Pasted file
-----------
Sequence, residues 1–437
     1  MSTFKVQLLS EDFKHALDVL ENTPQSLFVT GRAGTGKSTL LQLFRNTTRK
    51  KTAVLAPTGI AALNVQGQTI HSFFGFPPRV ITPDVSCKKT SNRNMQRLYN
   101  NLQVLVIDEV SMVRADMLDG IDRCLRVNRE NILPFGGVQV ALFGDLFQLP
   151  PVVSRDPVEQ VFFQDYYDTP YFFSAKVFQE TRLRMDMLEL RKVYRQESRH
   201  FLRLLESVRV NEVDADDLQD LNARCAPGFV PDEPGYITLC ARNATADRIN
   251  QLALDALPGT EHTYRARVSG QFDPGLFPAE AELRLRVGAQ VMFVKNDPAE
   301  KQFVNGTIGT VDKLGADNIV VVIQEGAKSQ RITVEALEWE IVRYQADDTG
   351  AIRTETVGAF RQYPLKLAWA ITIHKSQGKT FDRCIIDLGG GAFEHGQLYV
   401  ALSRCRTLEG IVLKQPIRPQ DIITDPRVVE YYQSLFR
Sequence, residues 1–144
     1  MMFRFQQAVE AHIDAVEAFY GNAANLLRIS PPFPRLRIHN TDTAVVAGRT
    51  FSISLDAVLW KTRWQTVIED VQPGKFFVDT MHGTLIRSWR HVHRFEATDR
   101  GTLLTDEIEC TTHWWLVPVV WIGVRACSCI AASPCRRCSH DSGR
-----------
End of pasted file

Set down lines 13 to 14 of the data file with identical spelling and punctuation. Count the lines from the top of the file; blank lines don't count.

    51  FSISLDAVLW KTRWQTVIED VQPGKFFVDT MHGTLIRSWR HVHRFEATDR
   101  GTLLTDEIEC TTHWWLVPVV WIGVRACSCI AASPCRRCSH DSGR